Pundits have long cast about for simple explanations to the tangled problems of misogyny and violence. Days after Toronto’s van attack—and before csis had linked the incel movement with terrorism—one columnist wrote, “I am sure that many people were relieved (as I was) when [the theory that this was a terrorism attack] turned out to be wrong. A terrorist attack has far grimmer political, social and security implications than a random act of violence by a homicidal loser.” Following other attacks similarly motivated by misogyny-as-ideology, some commentators have suggested that video games, prescription stimulants such as Ritalin, or psychosis were to blame. (Such arguments continue to be made even though people living with mental illness are statistically more likely to be victims of violence than perpetrators of it.) Still others have proposed sex robots as a way to stem the sexual frustration and, ultimately, the violence. But these narrow solutions are misguided and won’t solve a societal problem. Many of the incels who frequent online forums aren’t really angry because they can’t have sex. Theirs is a conversation about power: they are angry because they can’t have sex with the women they feel they deserve simply for being themselves.They reject the idea that women, whom they view as subhuman “femoids,” have the right to choose at all.

Roman poet Horace described anger as a “transient” madness. The quotation, which has been translated in slightly different ways across centuries, comes from The Epistles of Horace, first published in 20 BCE. Two thousand years later, clinical psychologist Louis Sass would write, “the madman is a protean figure in the Western imagination, yet there is a sameness to his many masks.” This perception of the violent criminal as necessarily insane has pervaded the cultural conversation across millennia. That view persists today, even as the news fills with attacks linked by ideology we see and don’t want to believe. “The conflation of mental illness and violence is a very difficult paradigm to overcome,” says James Clark, dean of fsu’s college of social work.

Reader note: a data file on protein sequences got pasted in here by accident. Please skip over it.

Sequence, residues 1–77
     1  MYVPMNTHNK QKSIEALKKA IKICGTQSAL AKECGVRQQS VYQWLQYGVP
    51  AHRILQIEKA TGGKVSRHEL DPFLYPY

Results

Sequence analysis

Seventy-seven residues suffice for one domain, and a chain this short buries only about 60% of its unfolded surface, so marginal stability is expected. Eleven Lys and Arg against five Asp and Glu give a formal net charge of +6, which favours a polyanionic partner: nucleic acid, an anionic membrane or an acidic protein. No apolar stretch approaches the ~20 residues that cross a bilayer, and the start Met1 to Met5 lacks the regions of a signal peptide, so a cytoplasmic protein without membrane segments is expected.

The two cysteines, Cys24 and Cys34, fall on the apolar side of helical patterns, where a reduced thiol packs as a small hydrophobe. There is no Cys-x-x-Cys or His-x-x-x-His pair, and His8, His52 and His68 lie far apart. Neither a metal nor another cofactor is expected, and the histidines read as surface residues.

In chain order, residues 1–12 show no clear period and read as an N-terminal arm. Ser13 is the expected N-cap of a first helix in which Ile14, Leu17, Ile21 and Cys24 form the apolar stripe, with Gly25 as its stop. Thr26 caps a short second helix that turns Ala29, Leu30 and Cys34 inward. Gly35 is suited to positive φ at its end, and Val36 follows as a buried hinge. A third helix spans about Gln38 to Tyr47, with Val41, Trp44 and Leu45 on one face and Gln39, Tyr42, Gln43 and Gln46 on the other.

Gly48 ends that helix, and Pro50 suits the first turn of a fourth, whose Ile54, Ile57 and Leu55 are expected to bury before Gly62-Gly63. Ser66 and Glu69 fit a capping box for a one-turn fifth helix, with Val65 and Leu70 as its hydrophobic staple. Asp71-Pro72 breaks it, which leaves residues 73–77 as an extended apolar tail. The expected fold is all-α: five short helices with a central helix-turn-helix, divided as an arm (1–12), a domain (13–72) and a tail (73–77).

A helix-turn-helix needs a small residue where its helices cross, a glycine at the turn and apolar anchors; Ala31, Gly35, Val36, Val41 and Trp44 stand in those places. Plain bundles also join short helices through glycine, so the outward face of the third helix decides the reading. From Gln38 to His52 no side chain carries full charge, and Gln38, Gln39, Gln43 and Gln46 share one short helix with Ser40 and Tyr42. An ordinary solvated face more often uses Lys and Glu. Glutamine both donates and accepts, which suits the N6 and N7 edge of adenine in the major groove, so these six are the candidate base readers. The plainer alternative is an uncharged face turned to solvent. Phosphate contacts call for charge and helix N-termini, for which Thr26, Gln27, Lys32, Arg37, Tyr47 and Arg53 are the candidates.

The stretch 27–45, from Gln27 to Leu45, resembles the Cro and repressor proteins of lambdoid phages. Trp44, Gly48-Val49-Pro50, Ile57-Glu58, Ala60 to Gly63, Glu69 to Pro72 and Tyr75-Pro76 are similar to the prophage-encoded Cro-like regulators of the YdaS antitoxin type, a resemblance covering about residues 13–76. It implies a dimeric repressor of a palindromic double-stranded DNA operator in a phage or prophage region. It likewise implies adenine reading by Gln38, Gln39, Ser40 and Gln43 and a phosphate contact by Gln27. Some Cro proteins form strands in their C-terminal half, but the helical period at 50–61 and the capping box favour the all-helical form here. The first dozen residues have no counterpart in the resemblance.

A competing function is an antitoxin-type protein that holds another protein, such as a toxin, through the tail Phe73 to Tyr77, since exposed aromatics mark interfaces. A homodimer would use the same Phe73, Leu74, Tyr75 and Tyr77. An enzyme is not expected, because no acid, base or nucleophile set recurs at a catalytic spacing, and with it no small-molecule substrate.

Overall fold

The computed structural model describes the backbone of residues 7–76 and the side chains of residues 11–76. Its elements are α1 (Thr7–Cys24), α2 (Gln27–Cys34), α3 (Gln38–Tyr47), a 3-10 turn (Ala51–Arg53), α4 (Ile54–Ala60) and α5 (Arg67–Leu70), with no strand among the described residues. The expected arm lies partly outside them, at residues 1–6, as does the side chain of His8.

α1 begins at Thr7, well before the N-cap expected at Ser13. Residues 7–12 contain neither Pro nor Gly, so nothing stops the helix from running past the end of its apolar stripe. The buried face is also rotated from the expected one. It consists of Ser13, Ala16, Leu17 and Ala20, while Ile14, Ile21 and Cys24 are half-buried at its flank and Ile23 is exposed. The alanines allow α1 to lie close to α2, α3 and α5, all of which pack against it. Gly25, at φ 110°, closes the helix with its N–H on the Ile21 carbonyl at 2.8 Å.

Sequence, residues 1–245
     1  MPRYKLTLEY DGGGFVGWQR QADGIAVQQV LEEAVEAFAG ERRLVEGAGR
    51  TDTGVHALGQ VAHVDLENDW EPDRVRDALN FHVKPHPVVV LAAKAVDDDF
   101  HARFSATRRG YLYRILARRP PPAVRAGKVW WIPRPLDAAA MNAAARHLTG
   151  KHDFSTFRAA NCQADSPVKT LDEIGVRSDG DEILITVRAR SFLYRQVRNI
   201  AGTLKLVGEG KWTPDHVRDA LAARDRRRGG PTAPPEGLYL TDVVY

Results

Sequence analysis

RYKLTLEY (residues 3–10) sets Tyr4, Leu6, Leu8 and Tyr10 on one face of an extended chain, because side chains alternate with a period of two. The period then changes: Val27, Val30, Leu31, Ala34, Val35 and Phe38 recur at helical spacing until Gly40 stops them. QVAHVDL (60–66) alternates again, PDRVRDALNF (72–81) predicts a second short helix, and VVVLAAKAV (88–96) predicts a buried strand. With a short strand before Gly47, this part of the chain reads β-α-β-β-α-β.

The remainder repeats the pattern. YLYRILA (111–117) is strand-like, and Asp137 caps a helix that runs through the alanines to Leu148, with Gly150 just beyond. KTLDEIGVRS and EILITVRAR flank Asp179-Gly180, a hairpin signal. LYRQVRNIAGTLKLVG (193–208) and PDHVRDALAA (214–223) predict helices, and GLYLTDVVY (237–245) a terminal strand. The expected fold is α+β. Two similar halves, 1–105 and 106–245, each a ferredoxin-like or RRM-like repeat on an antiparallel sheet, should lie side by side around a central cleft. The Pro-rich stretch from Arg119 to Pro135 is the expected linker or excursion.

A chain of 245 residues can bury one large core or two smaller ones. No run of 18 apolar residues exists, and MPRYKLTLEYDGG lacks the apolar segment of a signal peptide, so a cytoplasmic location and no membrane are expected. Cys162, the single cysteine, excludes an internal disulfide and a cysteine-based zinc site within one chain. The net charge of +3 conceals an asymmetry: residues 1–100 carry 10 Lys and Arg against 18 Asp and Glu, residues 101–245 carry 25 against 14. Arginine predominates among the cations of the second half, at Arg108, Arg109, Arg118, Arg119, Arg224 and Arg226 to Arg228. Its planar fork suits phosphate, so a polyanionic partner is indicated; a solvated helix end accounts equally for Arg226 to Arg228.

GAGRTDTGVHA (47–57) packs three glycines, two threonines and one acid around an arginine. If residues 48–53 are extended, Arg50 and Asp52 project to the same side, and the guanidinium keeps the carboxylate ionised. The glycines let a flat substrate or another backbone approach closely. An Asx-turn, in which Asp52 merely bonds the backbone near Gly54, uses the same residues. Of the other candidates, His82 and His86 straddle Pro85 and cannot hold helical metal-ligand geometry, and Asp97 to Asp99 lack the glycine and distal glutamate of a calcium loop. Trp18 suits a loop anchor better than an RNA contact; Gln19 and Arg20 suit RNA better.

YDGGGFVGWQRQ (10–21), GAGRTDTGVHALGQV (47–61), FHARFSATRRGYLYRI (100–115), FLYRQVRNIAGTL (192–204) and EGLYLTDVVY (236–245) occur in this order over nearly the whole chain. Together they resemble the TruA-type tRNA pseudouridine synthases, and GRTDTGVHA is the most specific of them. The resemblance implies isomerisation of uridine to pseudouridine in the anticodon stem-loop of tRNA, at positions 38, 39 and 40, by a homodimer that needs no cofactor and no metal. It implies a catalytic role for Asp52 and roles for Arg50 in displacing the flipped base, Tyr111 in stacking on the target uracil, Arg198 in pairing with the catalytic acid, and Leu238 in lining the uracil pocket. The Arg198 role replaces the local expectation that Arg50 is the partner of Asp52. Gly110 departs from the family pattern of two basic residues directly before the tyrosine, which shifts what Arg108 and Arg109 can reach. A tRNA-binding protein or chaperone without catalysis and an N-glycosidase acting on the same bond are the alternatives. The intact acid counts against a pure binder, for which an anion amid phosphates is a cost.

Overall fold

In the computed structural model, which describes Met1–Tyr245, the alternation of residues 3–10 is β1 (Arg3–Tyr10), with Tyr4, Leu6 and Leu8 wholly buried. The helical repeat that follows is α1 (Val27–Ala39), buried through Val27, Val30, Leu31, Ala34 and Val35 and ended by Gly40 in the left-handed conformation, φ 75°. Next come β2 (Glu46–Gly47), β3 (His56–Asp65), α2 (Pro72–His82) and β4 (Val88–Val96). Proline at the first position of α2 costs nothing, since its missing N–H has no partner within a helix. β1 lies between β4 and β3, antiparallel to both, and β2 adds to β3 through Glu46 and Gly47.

The college is where new research on incel radicalization is taking place, prompted by yet another tragic attack. In November 2018, a man walked into a Tallahassee yoga studio and shot five women and one man before killing himself. The army veteran had planned the attack for months and identified publicly as a member of the incel community in a series of YouTube videos he posted under the name Scott Carnifex—Latin for “executioner.” Twice, in 2012 and 2016, he’d been charged with battery against a woman. Like many in the incel community, he’d expressed admiration for Elliot Rodger, the man who killed six people in Isla Vista, California, and left behind a garbled manifesto.

The Tallahassee man killed two women that night in the yoga studio. One of them was Maura Binkley, a twenty one-year-old fsu student. In the aftermath, her parents wanted to advocate for stricter gun regulations and red-flag laws, which would allow family members or police to petition the court to temporarily take away someone’s firearms if that person were deemed to be a danger to themselves or to others. To power their activism, Maura’s parents needed data—on intimate-partner violence, for example, and developing and recurrent misogynist ideologies—that they couldn’t find. The Binkleys decided to partner with fsu, under an umbrella organization they called the Maura’s Voice Research Fund, to support research that might prevent violence against women, including examining stalking-violence patterns, evaluating red-flag laws, and developing threat-assessment tools for people motivated to kill not a particular person but an entire subset of people. The organization’s ultimate goal, Clark says, is to produce research that can drive policy changes to help prevent future attacks.